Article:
A POET who turned to writing to deal with her "turbulent" young life has told how she wants her first book to be a "symbol of hope" for people like her.

One of Bradford's most beloved writers, Sharena Lee Satti, is preparing for the virtual book launch of 'She', a collection of poems on survival, cultural-identity, life’s battles, self-love, body dysmorphia published by Verve Poetry Press.

As she signs her name on copies, the poet has described the "surreal moment" when she realised her words weren't just written in her teenage diaries, but recognised by a prize-winning publisher.

Titled 'She', an ode to her childhood nickname and femininity, the book will feature poems drawn from her "chaotic" teenage years, leaving home at 15 and her life now; a mum-of-three and host of open mic nights and poetry workshops.

Growing on an estate in Windhill, Shipley, Sharena witnessed domestic violence and her mother's struggle with mental health.

"Everything contributed to how I grew up," she told the Telegraph & Argus.

"I stopped education around 12 to 13 years old. That was through my own dysfunctional childhood. It was different to my school friends. I wouldn’t say it was a great place for a child to grow up in.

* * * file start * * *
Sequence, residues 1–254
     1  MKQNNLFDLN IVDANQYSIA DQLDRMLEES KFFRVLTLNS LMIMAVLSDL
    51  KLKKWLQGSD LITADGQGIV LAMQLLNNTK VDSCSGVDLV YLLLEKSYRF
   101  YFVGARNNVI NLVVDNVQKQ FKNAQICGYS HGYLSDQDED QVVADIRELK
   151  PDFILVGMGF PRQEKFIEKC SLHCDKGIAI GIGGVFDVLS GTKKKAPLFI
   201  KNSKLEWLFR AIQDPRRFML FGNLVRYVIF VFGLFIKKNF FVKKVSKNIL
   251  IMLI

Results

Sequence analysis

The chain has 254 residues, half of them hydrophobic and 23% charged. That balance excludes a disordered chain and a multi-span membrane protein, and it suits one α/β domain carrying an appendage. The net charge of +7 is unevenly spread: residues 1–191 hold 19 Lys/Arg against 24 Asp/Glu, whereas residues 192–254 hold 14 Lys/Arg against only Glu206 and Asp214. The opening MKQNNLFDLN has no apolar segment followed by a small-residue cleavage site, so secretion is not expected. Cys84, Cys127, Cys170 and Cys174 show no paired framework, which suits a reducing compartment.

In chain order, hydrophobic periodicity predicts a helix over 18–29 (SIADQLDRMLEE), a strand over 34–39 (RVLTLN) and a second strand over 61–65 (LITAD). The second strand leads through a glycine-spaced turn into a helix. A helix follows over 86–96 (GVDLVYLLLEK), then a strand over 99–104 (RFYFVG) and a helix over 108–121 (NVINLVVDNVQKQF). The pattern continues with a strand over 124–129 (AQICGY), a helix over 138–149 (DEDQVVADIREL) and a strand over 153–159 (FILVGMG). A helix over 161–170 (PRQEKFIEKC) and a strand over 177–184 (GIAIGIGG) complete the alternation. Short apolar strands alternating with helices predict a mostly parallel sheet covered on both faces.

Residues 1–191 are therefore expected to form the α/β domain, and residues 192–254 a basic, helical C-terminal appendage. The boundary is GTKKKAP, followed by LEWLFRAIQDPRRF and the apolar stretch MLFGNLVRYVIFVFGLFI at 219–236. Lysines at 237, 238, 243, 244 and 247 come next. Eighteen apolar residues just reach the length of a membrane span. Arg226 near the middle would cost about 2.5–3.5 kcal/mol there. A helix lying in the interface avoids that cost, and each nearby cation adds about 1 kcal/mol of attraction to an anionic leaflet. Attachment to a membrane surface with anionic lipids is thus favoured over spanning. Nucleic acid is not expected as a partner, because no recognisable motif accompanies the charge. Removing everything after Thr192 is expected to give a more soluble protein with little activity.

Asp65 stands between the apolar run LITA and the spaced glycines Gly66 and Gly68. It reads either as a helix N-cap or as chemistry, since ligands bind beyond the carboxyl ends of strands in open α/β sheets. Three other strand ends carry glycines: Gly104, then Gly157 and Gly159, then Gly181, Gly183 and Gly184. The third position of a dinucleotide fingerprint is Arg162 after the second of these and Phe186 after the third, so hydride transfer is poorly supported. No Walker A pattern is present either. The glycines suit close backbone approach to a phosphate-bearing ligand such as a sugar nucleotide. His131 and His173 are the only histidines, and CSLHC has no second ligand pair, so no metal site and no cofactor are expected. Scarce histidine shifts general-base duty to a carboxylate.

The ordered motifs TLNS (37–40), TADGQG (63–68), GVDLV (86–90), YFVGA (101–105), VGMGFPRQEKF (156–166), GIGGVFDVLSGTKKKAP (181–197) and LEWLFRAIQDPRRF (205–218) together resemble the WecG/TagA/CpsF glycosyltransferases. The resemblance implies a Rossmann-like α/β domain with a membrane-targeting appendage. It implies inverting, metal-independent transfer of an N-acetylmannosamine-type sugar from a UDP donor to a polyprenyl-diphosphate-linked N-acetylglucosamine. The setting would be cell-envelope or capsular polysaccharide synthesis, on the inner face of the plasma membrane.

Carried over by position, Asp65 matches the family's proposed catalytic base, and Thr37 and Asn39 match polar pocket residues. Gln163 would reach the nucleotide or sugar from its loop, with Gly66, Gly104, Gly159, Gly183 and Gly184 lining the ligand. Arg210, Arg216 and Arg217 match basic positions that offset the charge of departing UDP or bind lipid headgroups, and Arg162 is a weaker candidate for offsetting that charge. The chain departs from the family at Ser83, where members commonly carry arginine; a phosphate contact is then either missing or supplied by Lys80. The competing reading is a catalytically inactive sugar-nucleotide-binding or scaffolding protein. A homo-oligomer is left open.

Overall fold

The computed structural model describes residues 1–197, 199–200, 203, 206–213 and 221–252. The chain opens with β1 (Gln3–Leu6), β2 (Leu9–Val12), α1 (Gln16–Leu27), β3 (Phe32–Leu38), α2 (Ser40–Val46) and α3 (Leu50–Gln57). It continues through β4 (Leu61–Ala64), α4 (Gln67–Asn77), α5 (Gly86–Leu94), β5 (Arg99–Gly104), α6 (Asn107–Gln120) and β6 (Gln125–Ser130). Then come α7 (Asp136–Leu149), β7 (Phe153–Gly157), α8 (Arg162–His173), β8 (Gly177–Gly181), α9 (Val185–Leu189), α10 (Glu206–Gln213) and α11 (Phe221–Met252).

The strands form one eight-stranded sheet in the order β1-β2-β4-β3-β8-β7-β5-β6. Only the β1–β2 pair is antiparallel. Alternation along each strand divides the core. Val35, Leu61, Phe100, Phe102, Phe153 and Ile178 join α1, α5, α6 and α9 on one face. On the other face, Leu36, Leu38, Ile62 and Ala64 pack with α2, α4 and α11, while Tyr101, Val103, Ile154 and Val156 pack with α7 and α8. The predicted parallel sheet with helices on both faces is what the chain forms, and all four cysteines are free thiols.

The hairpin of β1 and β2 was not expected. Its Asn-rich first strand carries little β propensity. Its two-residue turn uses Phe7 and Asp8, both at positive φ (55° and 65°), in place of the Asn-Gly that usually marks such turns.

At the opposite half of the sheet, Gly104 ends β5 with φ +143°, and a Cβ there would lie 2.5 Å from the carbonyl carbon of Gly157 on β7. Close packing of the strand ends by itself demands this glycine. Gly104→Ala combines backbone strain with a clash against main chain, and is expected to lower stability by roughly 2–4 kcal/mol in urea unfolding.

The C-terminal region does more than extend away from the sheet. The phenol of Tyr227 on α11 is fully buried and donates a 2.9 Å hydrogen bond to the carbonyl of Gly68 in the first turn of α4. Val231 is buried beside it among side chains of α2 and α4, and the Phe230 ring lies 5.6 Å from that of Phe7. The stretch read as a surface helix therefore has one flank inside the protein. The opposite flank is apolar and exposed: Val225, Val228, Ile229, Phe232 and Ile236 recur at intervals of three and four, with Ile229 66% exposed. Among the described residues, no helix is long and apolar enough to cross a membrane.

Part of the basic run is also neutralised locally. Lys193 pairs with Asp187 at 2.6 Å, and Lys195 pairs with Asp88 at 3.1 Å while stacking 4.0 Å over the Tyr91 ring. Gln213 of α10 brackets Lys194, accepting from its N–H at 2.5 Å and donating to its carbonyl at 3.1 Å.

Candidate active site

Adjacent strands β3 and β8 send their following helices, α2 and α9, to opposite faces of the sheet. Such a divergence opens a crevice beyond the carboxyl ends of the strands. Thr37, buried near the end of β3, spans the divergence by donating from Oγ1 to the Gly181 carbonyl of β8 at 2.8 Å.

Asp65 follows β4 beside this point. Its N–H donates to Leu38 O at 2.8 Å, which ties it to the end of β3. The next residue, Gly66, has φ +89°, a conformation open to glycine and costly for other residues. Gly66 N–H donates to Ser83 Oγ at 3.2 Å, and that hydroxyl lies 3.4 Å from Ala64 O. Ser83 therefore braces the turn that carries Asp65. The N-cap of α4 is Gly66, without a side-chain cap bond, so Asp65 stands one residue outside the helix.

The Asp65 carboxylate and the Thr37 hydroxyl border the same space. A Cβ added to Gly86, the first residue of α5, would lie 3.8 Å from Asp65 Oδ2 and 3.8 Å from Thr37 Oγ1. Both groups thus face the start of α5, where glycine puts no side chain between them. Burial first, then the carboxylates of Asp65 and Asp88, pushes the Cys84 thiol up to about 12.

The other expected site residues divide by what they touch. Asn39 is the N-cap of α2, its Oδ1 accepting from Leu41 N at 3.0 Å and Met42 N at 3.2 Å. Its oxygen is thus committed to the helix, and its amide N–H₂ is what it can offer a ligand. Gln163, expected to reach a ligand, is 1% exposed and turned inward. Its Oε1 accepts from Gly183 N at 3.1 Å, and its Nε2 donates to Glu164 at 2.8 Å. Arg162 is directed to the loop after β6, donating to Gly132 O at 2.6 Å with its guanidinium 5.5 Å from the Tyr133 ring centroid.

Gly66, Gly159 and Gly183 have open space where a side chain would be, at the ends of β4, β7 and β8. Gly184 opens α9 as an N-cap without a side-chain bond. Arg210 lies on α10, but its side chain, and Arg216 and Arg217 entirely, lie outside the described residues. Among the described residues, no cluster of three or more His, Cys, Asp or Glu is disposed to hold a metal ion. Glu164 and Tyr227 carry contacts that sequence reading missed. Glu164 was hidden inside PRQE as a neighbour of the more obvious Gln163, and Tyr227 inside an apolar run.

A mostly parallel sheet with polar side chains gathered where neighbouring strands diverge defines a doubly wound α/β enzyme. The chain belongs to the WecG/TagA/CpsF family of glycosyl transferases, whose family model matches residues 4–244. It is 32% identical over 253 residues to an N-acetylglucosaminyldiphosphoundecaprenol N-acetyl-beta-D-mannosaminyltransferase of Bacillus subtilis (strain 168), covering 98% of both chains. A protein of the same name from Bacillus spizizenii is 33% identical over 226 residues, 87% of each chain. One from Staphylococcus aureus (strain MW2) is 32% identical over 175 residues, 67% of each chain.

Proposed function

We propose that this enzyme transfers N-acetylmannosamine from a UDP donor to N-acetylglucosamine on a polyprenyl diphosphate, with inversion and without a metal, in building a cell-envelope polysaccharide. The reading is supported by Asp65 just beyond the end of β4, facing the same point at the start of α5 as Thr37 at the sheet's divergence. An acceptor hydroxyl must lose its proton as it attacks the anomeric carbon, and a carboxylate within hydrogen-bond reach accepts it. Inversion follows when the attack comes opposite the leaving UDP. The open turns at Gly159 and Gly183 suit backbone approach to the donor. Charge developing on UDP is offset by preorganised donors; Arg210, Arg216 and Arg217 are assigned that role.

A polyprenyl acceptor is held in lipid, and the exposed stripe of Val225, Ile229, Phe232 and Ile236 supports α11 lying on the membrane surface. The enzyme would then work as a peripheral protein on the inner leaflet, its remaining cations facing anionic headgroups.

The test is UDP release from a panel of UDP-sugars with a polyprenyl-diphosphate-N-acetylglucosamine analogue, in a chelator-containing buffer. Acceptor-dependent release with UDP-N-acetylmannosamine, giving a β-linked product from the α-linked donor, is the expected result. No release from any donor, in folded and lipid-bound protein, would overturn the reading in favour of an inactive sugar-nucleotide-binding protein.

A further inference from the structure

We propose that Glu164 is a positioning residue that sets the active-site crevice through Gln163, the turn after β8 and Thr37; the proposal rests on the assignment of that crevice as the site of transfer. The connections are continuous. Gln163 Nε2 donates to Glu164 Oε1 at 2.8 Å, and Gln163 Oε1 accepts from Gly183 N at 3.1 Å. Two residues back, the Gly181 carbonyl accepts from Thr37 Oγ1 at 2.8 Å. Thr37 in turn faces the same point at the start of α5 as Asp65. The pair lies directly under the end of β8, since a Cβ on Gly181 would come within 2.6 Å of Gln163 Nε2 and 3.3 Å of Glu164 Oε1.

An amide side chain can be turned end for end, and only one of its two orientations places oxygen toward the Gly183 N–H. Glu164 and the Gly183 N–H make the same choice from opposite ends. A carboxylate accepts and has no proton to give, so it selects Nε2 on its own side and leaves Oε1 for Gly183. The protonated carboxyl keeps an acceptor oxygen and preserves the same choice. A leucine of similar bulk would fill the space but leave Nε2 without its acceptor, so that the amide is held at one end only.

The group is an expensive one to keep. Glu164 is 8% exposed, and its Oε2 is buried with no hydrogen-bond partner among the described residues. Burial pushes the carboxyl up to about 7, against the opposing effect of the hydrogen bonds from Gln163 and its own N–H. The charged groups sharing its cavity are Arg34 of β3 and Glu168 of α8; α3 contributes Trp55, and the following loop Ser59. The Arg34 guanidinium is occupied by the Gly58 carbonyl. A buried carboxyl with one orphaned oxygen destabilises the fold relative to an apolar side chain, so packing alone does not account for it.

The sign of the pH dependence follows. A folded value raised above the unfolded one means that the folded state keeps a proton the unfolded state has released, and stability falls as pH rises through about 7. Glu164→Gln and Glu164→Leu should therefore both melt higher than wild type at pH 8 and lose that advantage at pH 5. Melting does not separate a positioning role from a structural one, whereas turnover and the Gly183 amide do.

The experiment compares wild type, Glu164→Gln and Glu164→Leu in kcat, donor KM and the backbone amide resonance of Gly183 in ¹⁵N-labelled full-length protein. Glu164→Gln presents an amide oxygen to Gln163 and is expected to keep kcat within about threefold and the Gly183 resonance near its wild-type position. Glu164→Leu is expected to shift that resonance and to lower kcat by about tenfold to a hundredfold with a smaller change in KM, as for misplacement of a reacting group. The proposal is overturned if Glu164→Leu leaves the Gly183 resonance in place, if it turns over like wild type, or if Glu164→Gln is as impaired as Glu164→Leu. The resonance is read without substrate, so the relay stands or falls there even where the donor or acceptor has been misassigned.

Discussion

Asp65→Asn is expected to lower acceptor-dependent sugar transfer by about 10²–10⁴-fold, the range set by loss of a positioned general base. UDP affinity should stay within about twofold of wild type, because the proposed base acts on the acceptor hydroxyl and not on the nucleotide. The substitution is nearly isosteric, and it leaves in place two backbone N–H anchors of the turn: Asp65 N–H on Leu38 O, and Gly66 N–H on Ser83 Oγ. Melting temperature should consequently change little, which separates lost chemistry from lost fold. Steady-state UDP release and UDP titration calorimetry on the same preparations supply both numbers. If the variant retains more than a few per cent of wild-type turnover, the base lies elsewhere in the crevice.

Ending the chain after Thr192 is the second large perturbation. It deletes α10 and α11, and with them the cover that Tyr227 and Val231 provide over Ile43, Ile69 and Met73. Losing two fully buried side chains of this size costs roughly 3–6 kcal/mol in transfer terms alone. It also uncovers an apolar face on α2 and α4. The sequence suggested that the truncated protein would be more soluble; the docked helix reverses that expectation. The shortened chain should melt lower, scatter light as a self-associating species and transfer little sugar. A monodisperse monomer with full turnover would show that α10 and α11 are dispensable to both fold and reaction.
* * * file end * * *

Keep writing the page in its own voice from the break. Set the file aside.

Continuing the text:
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"When I was a kid there were certain things I couldn’t say out loud, things I didn’t feel I could share with other people. I used to write a lot so I had lots and lots of diaries. It was a way of expressing myself.

Bradford Telegraph and Argus:

"I think from being a young child up until my 20s I had lived this turbulent lifestyle. Everything was a bit chaotic in my life. I didn’t have balance. I didn’t know much about life. It was more about just surviving, nothing else mattered.

"When I had children and I found out I was pregnant that’s when my life changed a lot. My life kind of changed. My last daughter, when she was in full time school, it’s either do I want to get a job I’m not really happy in or I continue on my passion for poetry and see where it leads?

"I opened a Facebook account. I knew if I wanted to share my poems I’d have to take that next step of opening that page.

"I was approached via message and they’d seen my work. They do approach people but they don’t have submissions windows [at this time]. It was a really surreal moment to feel someone’s recognised my work.

"I’ve had so many rejections and sometimes I felt like giving up and sometimes it’s 'No, there’s somebody out there waiting for you'.

Bradford Telegraph and Argus:

"I’ve always wanted to be professionally published. It’s been a huge dream of mine as it’s to be noticed by somebody else. I previously self published.

"This book is for everybody, for people that feel they haven’t got a place or they can’t express. This book is for them.

"It’s a symbol of hope as well. You can come from anywhere and reach your dreams if you just put in the effort.

"I’ve found myself and I’ve found where I’m comfortable. I’ve found where I’m meant to be. I feel like I’ve got my place now. I know exactly where I want to be.

"As a child you forget to just be kids. As a child you believe this is your life and that's it. There's a world waiting for you out there, time will change."